Advocates of virtual colonoscopy (also known as CT colonography or CTC) are urging the U.S. Centers for Medicare and Medicaid Services (CMS) to overturn a May 12 decision to deny CTC coverage for Medicare recipients.
In a statement released today, the CTC Working Group, a lobbying group of physician providers, patient advocates, and imaging equipment manufacturers, said it was disappointed that the rule remained unchanged and called on CMS to immediately reopen the rulemaking process to consider new clinical data.
"We were hopeful CMS would allow seniors access to virtual colonoscopies, which can aid in the early detection and prevention of colon cancer and save lives," said Andrew Spiegel, CEO of the Colon Cancer Alliance, a member of the CTC Working Group. "While we believe ample data currently exists to support a positive decision today for Medicare reimbursement of virtual colonoscopy, CMS should immediately reopen the review process to account for any new data and evidence that emerges showing efficacy of CTC in the Medicare population."
A letter to CMS from Rep. Kay Granger (R-TX), Rep. Patrick Kennedy (D-RI), and 40 congressional colleagues stated that CMS is missing a "landmark opportunity to positively impact colorectal cancer screening rates." The letter cites data from the National Naval Medical Center in Bethesda, MD, showing a 70% increase in colorectal cancer screening rates since it added VC as an option for patients.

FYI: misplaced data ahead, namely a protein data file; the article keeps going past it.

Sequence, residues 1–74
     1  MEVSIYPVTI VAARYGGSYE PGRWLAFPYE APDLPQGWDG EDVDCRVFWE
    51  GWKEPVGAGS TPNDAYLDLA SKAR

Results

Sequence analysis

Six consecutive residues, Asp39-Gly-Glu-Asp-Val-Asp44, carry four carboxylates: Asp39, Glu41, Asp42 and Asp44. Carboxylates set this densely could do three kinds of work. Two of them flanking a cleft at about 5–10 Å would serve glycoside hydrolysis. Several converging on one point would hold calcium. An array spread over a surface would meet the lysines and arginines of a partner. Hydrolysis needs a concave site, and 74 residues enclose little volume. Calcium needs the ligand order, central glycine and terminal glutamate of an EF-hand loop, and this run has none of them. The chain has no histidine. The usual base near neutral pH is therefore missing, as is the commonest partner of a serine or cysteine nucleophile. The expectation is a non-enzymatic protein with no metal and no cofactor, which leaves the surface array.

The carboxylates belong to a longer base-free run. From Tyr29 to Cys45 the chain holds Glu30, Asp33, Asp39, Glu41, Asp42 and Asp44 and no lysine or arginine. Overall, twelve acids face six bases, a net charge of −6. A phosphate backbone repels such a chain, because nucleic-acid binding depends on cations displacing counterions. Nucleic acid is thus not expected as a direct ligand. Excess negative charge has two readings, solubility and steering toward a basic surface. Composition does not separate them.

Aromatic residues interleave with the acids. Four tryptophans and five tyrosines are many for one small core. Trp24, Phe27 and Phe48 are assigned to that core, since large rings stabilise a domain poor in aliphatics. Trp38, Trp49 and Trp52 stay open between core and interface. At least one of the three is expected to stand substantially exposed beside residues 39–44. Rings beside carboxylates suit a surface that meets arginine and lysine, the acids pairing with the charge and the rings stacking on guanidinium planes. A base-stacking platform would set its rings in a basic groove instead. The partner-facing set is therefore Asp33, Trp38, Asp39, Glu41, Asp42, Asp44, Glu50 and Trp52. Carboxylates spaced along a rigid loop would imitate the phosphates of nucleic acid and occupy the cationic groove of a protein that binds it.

In an e-mail to AuntMinnie.com, Dr. Otis Brawley, chief medical officer at the American Cancer Society (ACS), said he was disappointed in the decision because the evidence clearly shows that VC "is as effective as optical colonoscopy for the early detection of early cancers and premalignant lesions."
Medicare coverage for CTC would have provided a critical new option for colorectal cancer screening, Brawley added.
"Additional options are absolutely necessary as the supply of gastroenterologists is currently inadequate to supply optical colonoscopy to all of those who need it," he wrote. "It is our belief that by increasing the proportion of Americans 50 and over who get colorectal cancer screening, we could increase the number of lives saved from this devastating disease and decrease long-term medical costs."
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